The goal of Moneyball is to get the best results out of the least money spent. In other words, Billy Beane viewed his baseball team as a business, looking to get the best value or ROI. Beane’s Oakland teams made the playoffs four straight years in the early 2000s despite being in the bottom five teams in salary.
As a sports fan and a sportswriter, reading Moneyball changed the way I look at baseball like few other things have. Each week, I’ll try to do the same thing with SEO for you in this series, SEO MoneyBall, using some deeper statistics to give you a better look at how to improve your web presence. This week, I look at a study on the value of social media followers for businesses.
Beyond SEO efforts to rank on Google, another simple and efficient way to improve your business is to ramp up your social media presence. A few weeks ago, I detailed some powerful reasons to focus on social media, but today I’ll once again take a more numbers-based approach to the topic.
Social media is cheap. Like, dirt-cheap. Depending on how you handle your social media, it may even be free (other than the time it takes you to manage the accounts). In an effort to Moneyball your business efforts, there may not be a more powerful tool than a well-run social media campaign. Social media has now even been shown to impact your SEO efforts as well.
The message of Moneyball got lost a little bit in the Brad Pitt movie. The true success of Billy Beane’s Oakland teams was not that they won more games than before- they didn’t, by the way- but that they continued to win 95+ games a year despite having one of the five lowest payrolls in the league. Social media is your dirt-cheap way to win the metaphorical equivalent of 95+ games with minimal expenses.
Something we look at often in baseball statistics is Wins Above Replacement. Basically, it is a stat that compares a player to a readily available replacement player at the same position. In using some reverse mathematical maneuvering, that formula places the value of a 1.0 WAR player (a player worth 1 win more than a readily available replacement) at $5 million. So, when assembling a roster, the general consensus is that you pay about $5 million per WAR for a player.
Let’s pretend that Facebook likes are these replacement-level players. We want to find out how valuable each Like Over Replacement (There isn’t really a replacement we’re going against here, but let me have this one) is. This study by Syncapse tried to find that exact value.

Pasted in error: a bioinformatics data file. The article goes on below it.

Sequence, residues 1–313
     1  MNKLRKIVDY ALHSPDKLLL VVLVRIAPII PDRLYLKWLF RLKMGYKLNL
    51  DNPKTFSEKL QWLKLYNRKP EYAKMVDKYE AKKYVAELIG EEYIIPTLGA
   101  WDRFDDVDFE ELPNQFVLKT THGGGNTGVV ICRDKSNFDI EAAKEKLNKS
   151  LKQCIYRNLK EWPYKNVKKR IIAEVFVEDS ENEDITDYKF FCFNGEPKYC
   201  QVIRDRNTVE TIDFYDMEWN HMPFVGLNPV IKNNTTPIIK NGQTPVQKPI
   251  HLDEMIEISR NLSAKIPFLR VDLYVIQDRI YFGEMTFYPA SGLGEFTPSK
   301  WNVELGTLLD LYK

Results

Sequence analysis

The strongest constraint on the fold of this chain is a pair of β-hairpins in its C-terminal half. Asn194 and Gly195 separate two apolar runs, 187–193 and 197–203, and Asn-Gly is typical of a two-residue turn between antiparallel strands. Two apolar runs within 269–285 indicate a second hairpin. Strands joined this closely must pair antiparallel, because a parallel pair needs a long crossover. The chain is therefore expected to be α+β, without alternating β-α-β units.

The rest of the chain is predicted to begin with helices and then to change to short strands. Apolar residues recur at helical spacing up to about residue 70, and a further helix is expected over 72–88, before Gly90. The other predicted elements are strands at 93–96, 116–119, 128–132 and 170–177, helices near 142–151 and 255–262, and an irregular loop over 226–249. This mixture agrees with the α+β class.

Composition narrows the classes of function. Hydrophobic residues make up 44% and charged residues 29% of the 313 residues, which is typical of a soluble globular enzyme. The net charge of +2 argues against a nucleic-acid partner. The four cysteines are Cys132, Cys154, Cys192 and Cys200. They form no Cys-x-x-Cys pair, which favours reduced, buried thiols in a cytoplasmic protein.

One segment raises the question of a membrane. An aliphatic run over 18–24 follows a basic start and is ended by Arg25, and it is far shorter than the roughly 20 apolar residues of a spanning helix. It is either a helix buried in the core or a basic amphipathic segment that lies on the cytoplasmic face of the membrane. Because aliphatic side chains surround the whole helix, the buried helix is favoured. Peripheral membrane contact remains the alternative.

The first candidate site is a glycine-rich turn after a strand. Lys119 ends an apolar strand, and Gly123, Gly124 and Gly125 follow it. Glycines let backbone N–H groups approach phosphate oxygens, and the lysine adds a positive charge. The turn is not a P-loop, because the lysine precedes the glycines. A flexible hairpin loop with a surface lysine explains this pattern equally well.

You have to sign up to get the whole study, but I can summarize some of the findings for you. Basically, by studying motivations for becoming a fan on Facebook, Syncapse was able to assign a dollar value to each Like.
Perhaps most importantly, this study found that 78% of fans on a Facebook page are already customers.
“Since being a brand user is usually a prerequisite to becoming a Fan in consumer goods categories, marketers should prioritize their Fan acquisition investments on converting existing customers,” Syncapse said in its report. “Not only is acquisition cost and conversion friction lower, but the investment in a higher quality Fan base will reap rewards down the line, and this is true for both lower-cost and higher-cost consumer brands.”
Using this, as well as other statistics, Syncapse calculated the value of a Like to be $174.17, an increase from the $136.38 that the same study found in 2010. With a little bit of effort and focus on the part of your company (and the help of Facebook’s excellent promotion tools) it isn’t too difficult to boost your following.
How did Syncapse come to this conclusion? Well, as you can see in the chart below, they found that a Facebook fan will spend on average $255 as opposed to $139 spend by a non-fan. Facebook fans are also far more likely to recommend a brand to friends, purchase a product and be content with a brand than non-fans.
Return on Investment is our best way to look at effectiveness of social media. Think about ROI as our version of WAR. We’re trying to get those wins (dollar dollar bills, y’all) for the lowest cost possible. When you start thinking about Facebook Likes as an important part of those wins, it becomes clear that converting customers into Facebook followers and vice versa should be near the top of that strategy.
As the study shows us, there is a strong correlation between Facebook followers and dollars in your pocket. Syncapse reminds us that at a minimal cost, social media can still have powerful results.
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